Distribution of the Big Cats
Thirty-eight species of cats exist on our planet. Most of them are relatively small.
The term “big cat” is are usually used to relate to any of the five species of the genus Panthera: lion (Panthera leo), tiger (Panthera tigris), jaguar (Panthera onca), leopard (Panthera pardus), and snow leopard (Panthera uncia). Excluding for the snow leopard, these big cat species can roar.
A more extensive explanation of the term covers species outside of Panthera including the cougar (Puma concolor), clouded leopard (Neofelis nebulosa), Sunda clouded leopard (Neofelis diardi), cheetah (Acinonyx jubatus) and even the several lynxes species. But, these added species also do not roar.
Notwithstanding enormous diversity in size, different cat species are pretty alike in both body structure and behaviour, except the cheetah, which significantly stands out from the other big and small cats. All cats are carnivores.
Spatial distribution of the Big Cats
Natural ranges of all big cats cover all landmasses of the earth besides Australia.
Nations with native wild big cats
The largest number of species of big cats lives in South Asia.
Historic and current geographic spread of lions
Most lions fast declined and dropped by approximately 30 to 50% in the late half of the 20th century.
Estimates reveal that the African lion population is 17-47 thousand living in the wild in 2004. In the last Asian refuge (India) lives just about 400 lions.
Historic and current geographic spread of tigers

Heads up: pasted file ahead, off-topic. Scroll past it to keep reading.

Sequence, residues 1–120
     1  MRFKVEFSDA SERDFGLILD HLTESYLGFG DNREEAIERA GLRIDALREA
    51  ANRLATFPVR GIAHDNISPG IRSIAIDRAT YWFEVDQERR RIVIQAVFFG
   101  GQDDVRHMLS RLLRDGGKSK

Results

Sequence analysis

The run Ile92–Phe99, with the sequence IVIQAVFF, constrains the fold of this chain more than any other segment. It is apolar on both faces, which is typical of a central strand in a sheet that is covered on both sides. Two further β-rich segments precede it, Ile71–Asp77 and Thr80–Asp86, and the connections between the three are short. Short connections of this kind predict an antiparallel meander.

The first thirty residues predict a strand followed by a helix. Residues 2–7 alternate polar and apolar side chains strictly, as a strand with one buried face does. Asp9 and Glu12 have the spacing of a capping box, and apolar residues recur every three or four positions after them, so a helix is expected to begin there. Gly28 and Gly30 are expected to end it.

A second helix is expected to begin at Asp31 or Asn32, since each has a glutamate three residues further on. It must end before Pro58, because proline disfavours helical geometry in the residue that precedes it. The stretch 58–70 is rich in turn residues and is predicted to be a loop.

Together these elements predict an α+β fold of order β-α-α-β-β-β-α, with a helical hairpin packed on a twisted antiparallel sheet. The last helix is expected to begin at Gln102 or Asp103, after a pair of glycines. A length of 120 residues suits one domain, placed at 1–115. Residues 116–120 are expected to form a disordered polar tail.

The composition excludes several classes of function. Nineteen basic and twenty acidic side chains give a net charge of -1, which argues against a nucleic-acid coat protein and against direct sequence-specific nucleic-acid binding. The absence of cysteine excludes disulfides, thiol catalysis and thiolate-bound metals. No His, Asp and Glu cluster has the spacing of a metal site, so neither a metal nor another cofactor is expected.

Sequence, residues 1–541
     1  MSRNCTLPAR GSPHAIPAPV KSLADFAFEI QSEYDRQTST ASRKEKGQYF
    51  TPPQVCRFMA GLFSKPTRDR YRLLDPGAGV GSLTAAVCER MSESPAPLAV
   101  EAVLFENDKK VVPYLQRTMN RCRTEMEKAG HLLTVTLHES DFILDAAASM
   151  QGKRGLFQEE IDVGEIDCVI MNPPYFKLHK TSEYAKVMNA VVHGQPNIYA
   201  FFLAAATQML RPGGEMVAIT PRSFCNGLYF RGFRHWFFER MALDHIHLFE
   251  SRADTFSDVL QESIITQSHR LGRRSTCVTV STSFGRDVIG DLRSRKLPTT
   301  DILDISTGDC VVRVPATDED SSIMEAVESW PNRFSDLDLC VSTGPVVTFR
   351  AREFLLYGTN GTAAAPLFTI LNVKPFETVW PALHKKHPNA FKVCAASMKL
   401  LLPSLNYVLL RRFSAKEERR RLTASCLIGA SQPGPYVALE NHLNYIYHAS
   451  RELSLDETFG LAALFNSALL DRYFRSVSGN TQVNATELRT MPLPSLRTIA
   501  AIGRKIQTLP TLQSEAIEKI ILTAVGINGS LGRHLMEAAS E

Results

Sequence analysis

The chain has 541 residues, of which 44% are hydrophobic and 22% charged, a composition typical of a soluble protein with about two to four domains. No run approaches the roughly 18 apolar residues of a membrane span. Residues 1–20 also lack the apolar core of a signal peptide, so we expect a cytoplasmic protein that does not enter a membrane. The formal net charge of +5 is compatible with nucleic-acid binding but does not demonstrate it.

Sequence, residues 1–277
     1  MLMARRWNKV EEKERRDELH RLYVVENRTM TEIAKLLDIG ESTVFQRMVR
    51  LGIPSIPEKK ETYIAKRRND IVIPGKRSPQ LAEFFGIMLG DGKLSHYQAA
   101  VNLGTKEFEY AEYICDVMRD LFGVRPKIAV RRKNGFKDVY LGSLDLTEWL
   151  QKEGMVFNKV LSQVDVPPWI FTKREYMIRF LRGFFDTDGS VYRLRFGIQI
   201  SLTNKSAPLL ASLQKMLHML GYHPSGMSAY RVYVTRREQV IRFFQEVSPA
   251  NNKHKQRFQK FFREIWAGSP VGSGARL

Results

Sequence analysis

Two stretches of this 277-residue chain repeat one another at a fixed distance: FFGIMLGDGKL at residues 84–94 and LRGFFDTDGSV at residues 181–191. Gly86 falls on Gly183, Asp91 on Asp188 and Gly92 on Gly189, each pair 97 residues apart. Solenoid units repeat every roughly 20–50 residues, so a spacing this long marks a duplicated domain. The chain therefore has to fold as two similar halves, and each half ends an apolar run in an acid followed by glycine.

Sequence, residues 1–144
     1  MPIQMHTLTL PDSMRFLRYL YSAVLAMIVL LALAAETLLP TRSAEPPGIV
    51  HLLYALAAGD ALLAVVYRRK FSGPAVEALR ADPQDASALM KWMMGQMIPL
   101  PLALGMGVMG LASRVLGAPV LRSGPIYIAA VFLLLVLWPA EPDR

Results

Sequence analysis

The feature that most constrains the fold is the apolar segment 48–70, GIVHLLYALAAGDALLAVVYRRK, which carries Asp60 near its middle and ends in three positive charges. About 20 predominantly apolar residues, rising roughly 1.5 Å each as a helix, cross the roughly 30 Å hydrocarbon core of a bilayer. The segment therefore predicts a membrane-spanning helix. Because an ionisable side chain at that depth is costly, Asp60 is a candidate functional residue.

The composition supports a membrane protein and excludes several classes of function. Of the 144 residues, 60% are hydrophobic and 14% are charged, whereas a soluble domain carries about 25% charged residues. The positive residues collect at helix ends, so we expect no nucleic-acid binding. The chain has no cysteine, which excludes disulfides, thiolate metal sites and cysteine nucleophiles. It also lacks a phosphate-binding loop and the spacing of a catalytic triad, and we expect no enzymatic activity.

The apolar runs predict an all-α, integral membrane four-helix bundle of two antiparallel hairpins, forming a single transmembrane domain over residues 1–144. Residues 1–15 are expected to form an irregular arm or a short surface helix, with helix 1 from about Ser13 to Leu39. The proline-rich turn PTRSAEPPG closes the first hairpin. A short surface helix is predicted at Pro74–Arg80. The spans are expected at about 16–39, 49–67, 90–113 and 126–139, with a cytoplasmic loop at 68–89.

The world wild tiger population was estimated 3.1 -4.0 thousand mature individuals (2015), falling from around 100 thousand at the beginning of the 20th century, with largest surviving populations occurring in small territories isolated from each other.
The map below shows the tiger’s historic range in 1900 and 1990.
Historic and current geographic spread of jaguars
The jaguar is the biggest cat species in the Americas and the third-largest after the tiger and the lion. The jaguar’s present range extends from Southwestern U.S. and Mexico over Central America and south to Paraguay and northern Argentina. Though single cats are living within the western U.S., the species has mostly been exterminated from the United States since the early 20th century.
Historic and current geographic distribution of leopards
The leopard has the most widespread distribution of all big cats, occurring broadly in Africa as well as the Caucasus and Asia, although populations are fragmented and declining. It is deemed to be destroyed in North Africa. The most relatively abundant population of leopard exists in the Indian subcontinent.